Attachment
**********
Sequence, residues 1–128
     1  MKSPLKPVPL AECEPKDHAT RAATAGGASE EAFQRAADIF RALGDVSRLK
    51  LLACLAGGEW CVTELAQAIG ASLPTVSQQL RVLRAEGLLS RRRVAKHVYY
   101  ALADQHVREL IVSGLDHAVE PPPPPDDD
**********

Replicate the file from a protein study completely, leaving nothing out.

Sequence, residues 1–128
     1  MKSPLKPVPL AECEPKDHAT RAATAGGASE EAFQRAADIF RALGDVSRLK
    51  LLACLAGGEW CVTELAQAIG ASLPTVSQQL RVLRAEGLLS RRRVAKHVYY
   101  ALADQHVREL IVSGLDHAVE PPPPPDDD